By now Bowman’s team was more than 100 miles from downtown L.A., so what difference could another 25 or 30 miles make?
They continued north past the small towns of Cawelo and McFarland, finally stopping with a surveyor in the small town of Delano on January 27.
The next day, C. R. Jacobs, a CBS staffer working with Bowman, fired off a terse telegram to CBS management in New York.
“SPENT THURSDAY JANUARY 27 IN BAKERSFIELD AREA FOUND PROPERTY APPROXIMATELY FIVE MILES WEST OF DELANO IN VICINITY OF SECTION 13 TOWNSHIP 25 SOUTH RANGE 24 EAST KERN COUNTY WHICH CAN BE HAD AT $50 PER ACRE OR LESS STOP APPROXIMATELY 145 MILES FROM HOLLYWOOD OFFICE STOP DELANO POPULATION 5000 STOP NO OBSTRUCTIONS 360 DEGREES STOP WIRE REACTIONS TODAY SURE INCLUDING WELDONS APPROVAL. AM STARTING ACQUISITION AND WILL ADVISE WITHIN A FEW DAYS IF ANY COMPLICATIONS SHOULD ARISE STOP NBC STARTED CONSTRUCTION JANUARY 27 STOP BEST REGARDS.”
C R JACOBS
(The NBC reference is to the parallel project being staged by that network — the construction of the OWI’s Northern California shortwave at Dixon.)
Initially, the presence of an emergency landing field some five miles away from the proposed Delano site created strong opposition from the Army and the CAA (Civil Aeronautics Administration). However, Bowman’s mind was made up that Delano was going to be the home to the CBS shortwave station.
A special meeting to resolve differences was set up on Feb. 15. Weldon had been briefed on the Army and CAA opposition, and he prepared a telegram to be read at the meeting. It described the necessity for constructing the overdue station and also played on patriotic sympathies.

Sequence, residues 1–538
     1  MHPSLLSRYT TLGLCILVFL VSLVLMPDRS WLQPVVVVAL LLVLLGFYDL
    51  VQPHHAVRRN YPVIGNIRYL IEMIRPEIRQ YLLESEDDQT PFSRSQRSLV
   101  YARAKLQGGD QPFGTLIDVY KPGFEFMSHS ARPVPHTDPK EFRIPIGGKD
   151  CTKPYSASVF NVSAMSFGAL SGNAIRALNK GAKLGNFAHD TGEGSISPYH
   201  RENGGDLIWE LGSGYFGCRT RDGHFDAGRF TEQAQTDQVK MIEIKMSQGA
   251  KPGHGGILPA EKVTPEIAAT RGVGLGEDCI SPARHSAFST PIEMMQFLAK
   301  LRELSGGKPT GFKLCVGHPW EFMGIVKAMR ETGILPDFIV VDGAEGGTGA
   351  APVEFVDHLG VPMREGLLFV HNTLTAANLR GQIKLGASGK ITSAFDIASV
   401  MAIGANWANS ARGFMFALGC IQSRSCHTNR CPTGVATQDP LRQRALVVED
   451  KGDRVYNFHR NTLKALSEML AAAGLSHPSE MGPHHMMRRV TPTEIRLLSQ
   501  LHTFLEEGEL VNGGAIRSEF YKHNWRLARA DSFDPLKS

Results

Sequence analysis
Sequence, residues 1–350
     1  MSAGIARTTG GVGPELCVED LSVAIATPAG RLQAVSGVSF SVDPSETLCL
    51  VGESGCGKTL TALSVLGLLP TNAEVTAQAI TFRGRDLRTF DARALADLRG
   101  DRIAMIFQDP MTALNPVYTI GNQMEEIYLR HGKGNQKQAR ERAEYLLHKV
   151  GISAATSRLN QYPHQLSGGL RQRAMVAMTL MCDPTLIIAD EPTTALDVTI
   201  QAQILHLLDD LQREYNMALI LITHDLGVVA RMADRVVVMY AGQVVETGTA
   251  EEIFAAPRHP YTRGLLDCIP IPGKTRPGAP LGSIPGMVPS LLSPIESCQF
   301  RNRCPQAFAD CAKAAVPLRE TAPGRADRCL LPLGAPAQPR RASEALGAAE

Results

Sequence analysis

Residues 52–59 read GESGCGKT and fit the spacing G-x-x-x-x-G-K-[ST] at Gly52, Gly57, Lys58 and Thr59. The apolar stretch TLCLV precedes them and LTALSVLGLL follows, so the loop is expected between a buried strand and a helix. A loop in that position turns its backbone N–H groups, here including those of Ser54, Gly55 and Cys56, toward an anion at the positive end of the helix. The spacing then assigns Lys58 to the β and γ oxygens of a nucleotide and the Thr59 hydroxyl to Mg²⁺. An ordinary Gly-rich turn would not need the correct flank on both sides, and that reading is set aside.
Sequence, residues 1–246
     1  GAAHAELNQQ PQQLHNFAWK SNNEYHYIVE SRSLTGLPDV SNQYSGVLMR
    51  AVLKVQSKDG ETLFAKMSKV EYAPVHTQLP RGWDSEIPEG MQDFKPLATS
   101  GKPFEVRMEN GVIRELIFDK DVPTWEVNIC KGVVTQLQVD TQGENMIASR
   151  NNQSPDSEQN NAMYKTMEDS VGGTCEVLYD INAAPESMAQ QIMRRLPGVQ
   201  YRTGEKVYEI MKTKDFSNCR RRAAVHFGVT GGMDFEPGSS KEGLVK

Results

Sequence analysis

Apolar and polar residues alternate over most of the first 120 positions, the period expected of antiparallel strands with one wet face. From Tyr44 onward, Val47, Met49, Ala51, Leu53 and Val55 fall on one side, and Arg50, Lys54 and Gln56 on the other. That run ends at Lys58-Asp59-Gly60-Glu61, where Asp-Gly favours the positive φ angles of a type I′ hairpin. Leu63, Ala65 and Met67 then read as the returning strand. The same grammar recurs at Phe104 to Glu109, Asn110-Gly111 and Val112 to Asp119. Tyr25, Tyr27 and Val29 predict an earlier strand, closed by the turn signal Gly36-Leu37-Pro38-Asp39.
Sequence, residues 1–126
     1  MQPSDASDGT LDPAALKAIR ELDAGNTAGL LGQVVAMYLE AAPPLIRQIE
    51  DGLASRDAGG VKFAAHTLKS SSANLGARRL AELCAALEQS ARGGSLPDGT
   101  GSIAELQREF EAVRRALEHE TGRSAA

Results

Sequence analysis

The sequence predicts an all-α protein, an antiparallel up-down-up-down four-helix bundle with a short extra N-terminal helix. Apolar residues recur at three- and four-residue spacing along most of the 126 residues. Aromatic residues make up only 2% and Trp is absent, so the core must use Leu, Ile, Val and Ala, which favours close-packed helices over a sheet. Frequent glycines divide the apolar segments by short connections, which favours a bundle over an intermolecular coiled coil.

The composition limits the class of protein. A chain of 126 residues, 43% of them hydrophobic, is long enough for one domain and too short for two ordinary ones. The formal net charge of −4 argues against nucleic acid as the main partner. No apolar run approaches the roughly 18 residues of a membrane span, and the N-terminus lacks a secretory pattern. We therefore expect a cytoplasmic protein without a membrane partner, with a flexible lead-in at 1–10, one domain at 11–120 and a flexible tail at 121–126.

“THE OFFICE OF WAR INFORMATION AND THE COORDINATOR OF INTERAMERICAN AFFAIRS AND THE ARMED FORCED RADIO SERVICE OF THE ARMY ARE CRITICALLY IN NEED OF ADDITIONAL HIGH POWERED BROADCAST TRANSMITTERS ON THE PACIFIC COAST FOR CONDUCTION (sic) PSYCHOLOGICAL WARFARE IN CONJUNCTION WITH THE MILITARY EFFORT IN THE PACIFIC AND IN THE CASE OF THE ARMED FORCES RADIO SERVICE FOR BROADCASTING PROGRAMS TO THE AMERICAN TROOPS SCATTERED OVER THAT AREA.… THE WAR EFFORT IS DEFINITELY CRIPPLED BY THE FACT THAT SUCH FACILITIES ARE NOT IN OPERATION AT THE PRESENT TIME….I HOPE THAT THE COMMITTEE WILL CONSIDER THIS PROJECT AS AN IMPORTANT PART OF THE WAR EFFORT AND GIVE DUE CONSIDERATION TO THE NECESSITY OF PROMPT APPROVAL”
J O WELDON CHIEF COMMUNICATION FACILITIIES
BUREAU OFFICE OF WAR INFORMATION
After the reading of the telegram, all opposition was dropped and Delano was given a green light.
In what seems nothing less than miraculous today, ground was first broken on the station project in May of 1944, and by that November, the first transmitter was delivering current to a 170-foot-high rhombic.
Not long after Delano went on the air, Jack Quinn, a CBS engineer who had previously worked at General Electric’s KGEI shortwave station near San Francisco, was assigned to Delano in the capacity of engineering supervisor. He remembered the area then as more or less the end of the earth.